northern hackberry

(Celtis occidentalis)

               
Conservation Status

IUCN Red List

not yet assessed

northern hackberry

NatureServe

N5? - Secure

SNR - Unranked

Minnesota

not listed

Wetland
Indicator
Status

Great Plains

FACU - Facultative upland

Midwest

FAC - Facultative

Northcentral & Northeast

FAC - Facultative

Nativity

Native

Occurrence

Common

Habitat

Moist; river terraces, floodplains; moderately shade tolerant when young.

Photo by Randy
Flowering

Late April to late May

 
Flower Color

Green

 
Height

40 to 60

 

Identification

This is a medium to large, moderately fast-growing, deciduous tree. In Minnesota mature trees are usually 40 to 60 tall and 10 in 16 in diameter at breast height. Large individuals can reach up to 75 in height and 56 in diameter. It is moderately long-lived, often reaching between 150 and 200 years in age. It has a deep, fibrous root system that, where conditions permit, may be10 to 20 feet deep. It has no taproot. It is usually found as scattered individuals in river terraces and floodplains, but it can persist when planted (by humans or birds) in dry upland areas.

The trunk is slender and usually divided near the base of the crown into a few large, upright, spreading limbs. On older trees the trunk is significantly flared at the base where it joins the surface roots. The branches are gracefully spreading and sometimes slightly drooping at the ends. Young trees have an oval crown. Older trees have a spreading, irregularly rounded crown.

The bark on young trees is thin, smooth, and light grayish-brown. It soon develops warty raised knobs, which develop into narrow, vertical, wavy, corky ridges as the tree ages. The wing-like ridges on otherwise smooth bark is a unique identifying feature of this tree. As the tree matures the ridges become flattened and more closely spaced and the bark becomes scaly.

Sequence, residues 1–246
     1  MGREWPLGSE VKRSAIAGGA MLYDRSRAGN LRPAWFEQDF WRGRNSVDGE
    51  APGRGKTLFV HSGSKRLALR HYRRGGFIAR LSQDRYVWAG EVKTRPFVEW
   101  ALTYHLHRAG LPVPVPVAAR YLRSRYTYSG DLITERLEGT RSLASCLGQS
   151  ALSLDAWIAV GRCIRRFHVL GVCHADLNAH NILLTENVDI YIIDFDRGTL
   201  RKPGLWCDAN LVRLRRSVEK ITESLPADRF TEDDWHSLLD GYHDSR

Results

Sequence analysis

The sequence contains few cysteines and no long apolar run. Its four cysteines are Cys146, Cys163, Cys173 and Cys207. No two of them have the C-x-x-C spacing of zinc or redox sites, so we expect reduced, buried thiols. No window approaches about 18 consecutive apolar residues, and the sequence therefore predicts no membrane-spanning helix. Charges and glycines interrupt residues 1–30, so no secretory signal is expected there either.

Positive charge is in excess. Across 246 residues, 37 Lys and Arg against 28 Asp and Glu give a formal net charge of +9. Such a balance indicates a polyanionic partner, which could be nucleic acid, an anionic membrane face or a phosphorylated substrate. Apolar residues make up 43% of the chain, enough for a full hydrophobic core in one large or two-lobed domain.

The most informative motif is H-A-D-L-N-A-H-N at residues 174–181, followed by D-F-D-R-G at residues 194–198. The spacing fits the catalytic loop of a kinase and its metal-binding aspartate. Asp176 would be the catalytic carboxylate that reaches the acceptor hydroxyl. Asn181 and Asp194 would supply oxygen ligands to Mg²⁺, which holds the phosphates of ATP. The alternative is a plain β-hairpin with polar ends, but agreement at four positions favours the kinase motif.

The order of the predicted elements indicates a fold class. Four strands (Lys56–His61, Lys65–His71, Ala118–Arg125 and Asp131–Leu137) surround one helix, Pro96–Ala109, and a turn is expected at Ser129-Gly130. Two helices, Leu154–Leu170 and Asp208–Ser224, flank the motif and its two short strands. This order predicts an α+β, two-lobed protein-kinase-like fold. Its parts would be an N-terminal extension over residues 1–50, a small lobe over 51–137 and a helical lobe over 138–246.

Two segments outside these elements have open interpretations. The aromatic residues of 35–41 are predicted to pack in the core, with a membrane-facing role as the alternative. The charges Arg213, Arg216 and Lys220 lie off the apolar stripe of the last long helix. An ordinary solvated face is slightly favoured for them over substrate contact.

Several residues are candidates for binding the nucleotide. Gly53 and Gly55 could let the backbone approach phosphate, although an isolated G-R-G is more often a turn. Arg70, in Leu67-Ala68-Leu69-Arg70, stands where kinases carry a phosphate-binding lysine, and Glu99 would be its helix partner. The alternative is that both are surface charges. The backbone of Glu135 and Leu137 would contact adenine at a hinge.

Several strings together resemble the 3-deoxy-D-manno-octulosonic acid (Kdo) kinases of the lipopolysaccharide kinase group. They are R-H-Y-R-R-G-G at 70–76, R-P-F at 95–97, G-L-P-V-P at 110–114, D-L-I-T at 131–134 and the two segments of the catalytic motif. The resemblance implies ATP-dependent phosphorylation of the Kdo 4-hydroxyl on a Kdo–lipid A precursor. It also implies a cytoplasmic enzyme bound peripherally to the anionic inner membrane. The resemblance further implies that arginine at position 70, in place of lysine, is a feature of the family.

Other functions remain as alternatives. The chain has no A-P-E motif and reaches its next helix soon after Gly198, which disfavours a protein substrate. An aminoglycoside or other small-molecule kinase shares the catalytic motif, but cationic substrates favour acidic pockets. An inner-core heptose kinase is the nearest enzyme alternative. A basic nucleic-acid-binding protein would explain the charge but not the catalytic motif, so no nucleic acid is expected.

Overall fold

First-year twigs are slender, slightly zigzagged, green becoming tinged with brown, and usually hairy. Second-year twigs are brown and hairless. Leaf scars are U-shaped to semicircular and have three dot-like bundle scars. The pith is white and is finely chambered, at least at the leaf nodes.

Lateral buds are reddish-brown, egg-shaped, flattened, pointed, ¼ to 5 16 long, and closely appressed to the twig. There is no true terminal bud, but the lateral bud at the end of the twig is often bent sideways.

The leaves are deciduous, alternate, and unlobed. They and are attached to the twig on a slender, hairy, ¼ to long leaf stalk. The blades are leathery, egg-shaped to lance-shaped, 2 to 4¾ long, and 13 16 to 2¼ wide. They taper gradually to a long, drawn out point at the tip with concave sides along the tip. The base is asymmetrical, rounded or somewhat heart-shaped. The upper surface is dark green and may be either mostly hairless or covered with short, straight hairs. The lower surface is pale green and hairy along the veins. The margins are toothed from the tip to well below the middle but not near the base. There are 10 to 40 sharp, forward pointing teeth per side. There are three main veins, one midrib and a pair of veins that originate just below the base of the blade, and 4 or 5 lateral veins per side that originate at at intervals along the midrib. The leaves turn light yellow in the fall.

Flowers appear in late April to late May. Male and female flowers are borne on the same first-year brachlet of the same tree. Male flowers appear on 1 16 to ¼ long stalks in small clusters at the base of the twig. Each male flower has 4 or 5 greenish or yellowish sepals, no petals, and 5 or 6 stamens on white filaments. Female flowers appear on to long stalks singly or in pairs in a leaf axil of the twig. Each female flower has 4 or 5 greenish or yellowish sepals, no petals, and 2 stigmas that are bent backward. The flowers are pollinated by the wind

The fruit is a fleshy, relatively dry drupe with a single pitted stone. It is spherical, ¼ to ½ in diameter, and is tipped with the remnants of the style. It is green at first, turning dull reddish-purple and often wrinkled at maturity. It matures in August to late September and remains on the tree until eaten by a bird.

 
Similar
Species

 

 
Pests and Diseases